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Four financial resolutions to kick start the new year
The dawn of a new year sees many people setting new year’s resolutions such as losing some weight or giving up smoking.
Similarly, the beginning of a new year is the ideal time for setting financial goals, and here are four practical ways you can kick your year off to a great start.
- Decide what you want to achieve. January is perfect for taking stock of where you’re at financially, particularly as those post-December bills start rolling in. So perhaps you’d like to start by paying off debt or commence a savings plan for a new car or family holiday. The main thing is to be decisive.
- Setting a realistic household budget will provide understanding of your finances and identify areas of unnecessary spending. This will not only assist in balancing your income and expenses, but will help you clear debt and allocate money to other financial goals like setting up an emergency cash fund.
- Tidy up your filing cabinet. According to the Australian Taxation Office, you should keep financial records for five years. Shred financial paperwork older than five years and file everything else, including bills, invoices and bank statements. Remember that any filing system you implement should be quickly and easily maintained so you’re motivated to keep your records in order.
- Review your paperwork; start with insurances – life insurance, house, car etc. Are they current and are you adequately covered? Are your premiums appropriate for your level of cover?
Assess your superannuation and nomination of beneficiary. Is your will up to date or have your circumstances changed?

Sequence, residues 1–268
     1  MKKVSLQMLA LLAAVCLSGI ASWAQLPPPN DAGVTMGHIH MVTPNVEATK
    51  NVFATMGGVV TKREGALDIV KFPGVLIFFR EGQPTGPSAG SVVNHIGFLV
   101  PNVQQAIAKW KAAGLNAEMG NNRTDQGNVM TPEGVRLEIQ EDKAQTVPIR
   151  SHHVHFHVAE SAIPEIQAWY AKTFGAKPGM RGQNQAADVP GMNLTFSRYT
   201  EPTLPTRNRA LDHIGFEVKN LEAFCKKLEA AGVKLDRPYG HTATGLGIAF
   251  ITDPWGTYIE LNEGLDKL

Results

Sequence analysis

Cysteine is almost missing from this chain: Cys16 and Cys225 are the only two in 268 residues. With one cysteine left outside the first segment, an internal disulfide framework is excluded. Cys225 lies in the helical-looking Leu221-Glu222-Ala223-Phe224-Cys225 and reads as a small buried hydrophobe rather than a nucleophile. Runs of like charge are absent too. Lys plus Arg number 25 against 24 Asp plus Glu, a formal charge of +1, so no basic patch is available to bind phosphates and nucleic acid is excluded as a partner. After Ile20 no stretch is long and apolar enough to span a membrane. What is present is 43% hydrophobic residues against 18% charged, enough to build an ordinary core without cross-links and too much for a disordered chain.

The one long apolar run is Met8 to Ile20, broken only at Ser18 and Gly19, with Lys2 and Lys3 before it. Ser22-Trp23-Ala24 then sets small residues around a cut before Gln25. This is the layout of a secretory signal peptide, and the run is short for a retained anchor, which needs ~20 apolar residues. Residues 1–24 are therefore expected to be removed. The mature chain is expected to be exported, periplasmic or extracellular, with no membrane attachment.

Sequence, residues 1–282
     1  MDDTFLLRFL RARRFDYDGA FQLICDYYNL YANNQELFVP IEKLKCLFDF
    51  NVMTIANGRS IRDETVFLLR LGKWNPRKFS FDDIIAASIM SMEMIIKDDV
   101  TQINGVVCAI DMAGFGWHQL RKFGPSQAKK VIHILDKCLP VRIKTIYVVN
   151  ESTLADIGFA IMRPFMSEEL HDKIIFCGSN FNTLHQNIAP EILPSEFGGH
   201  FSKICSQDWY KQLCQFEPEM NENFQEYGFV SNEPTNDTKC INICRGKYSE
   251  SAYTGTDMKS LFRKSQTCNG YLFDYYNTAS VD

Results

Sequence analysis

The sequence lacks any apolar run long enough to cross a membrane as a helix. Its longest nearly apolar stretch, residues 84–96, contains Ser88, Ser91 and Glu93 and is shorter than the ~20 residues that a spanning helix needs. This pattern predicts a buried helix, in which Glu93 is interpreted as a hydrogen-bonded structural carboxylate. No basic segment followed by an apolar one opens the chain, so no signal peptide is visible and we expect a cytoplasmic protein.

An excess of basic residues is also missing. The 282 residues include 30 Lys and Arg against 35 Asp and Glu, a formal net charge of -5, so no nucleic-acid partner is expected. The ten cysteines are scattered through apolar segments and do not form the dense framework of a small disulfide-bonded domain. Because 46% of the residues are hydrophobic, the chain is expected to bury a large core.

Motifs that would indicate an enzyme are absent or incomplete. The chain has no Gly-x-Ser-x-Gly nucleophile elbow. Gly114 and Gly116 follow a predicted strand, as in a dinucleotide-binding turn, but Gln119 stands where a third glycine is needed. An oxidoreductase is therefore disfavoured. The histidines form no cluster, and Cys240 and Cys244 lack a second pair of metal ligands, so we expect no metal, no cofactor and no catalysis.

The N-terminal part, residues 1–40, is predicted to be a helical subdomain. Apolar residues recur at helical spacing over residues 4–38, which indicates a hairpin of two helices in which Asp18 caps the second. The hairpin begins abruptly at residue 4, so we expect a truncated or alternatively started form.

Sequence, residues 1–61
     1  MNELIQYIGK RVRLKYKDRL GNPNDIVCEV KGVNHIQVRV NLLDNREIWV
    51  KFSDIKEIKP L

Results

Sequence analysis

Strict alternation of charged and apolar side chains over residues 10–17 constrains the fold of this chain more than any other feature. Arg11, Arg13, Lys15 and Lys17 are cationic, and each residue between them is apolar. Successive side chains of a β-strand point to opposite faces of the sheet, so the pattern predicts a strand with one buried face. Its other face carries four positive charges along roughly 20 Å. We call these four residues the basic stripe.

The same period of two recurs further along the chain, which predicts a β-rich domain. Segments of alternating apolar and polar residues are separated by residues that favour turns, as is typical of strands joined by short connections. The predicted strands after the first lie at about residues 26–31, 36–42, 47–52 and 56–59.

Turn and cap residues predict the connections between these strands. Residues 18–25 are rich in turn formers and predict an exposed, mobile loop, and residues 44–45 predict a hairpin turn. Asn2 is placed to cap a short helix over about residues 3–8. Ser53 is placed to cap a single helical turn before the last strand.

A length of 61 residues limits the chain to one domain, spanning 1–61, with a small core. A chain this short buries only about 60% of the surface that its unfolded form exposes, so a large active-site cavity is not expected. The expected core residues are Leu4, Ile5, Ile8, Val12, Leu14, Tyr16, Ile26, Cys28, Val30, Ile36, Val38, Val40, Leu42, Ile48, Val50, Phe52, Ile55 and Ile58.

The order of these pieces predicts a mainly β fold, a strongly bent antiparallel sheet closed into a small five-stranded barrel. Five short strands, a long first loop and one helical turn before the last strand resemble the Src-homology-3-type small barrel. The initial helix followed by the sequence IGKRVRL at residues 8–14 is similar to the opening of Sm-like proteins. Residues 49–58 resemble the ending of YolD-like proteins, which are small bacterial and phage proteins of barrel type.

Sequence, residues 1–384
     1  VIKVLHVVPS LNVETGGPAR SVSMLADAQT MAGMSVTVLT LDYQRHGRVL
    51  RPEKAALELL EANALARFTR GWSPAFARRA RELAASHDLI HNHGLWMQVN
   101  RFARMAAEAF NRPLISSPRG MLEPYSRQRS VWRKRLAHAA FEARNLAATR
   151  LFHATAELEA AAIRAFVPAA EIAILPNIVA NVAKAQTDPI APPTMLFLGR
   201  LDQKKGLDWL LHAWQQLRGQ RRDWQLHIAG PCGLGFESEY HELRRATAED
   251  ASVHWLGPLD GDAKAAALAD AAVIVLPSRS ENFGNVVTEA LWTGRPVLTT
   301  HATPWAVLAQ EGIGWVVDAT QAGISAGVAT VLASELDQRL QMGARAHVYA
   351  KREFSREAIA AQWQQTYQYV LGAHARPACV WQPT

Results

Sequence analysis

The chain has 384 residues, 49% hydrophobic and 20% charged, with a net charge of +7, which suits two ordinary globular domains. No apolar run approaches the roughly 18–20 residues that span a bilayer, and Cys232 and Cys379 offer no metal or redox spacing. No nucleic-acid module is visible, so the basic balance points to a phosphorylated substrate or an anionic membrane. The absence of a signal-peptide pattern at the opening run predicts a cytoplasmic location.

While we’re experiencing record-low interest rates, do a few sums and work out whether you’re getting the best deal on your mortgage. Perhaps it’s time to renegotiate with your lender!
While the idea of setting a new year’s resolution is common, sticking to resolutions and accomplishing them are less so.
The key to achieving any goal is to be SMART about it:
S – be Specific. Clearly define your goal.
M – ensure it’s Measurable so you know when you’ve achieved it.
A – make it Achievable. Planning to complete a marathon in February may not be achievable if you’ve never run before.
R – be Realistic; could you really lose 20 kilos in a month?
T –set a time by which you want to achieve your goal.
If you’re not sure where to start, your financial planner or accountant can help you put processes in place to get your SMART goals underway.
With a little planning and organisation, being clear about what you want to achieve, and mapping out how and by when you expect to achieve it, you’ll be giving yourself the best possible start to a successful year.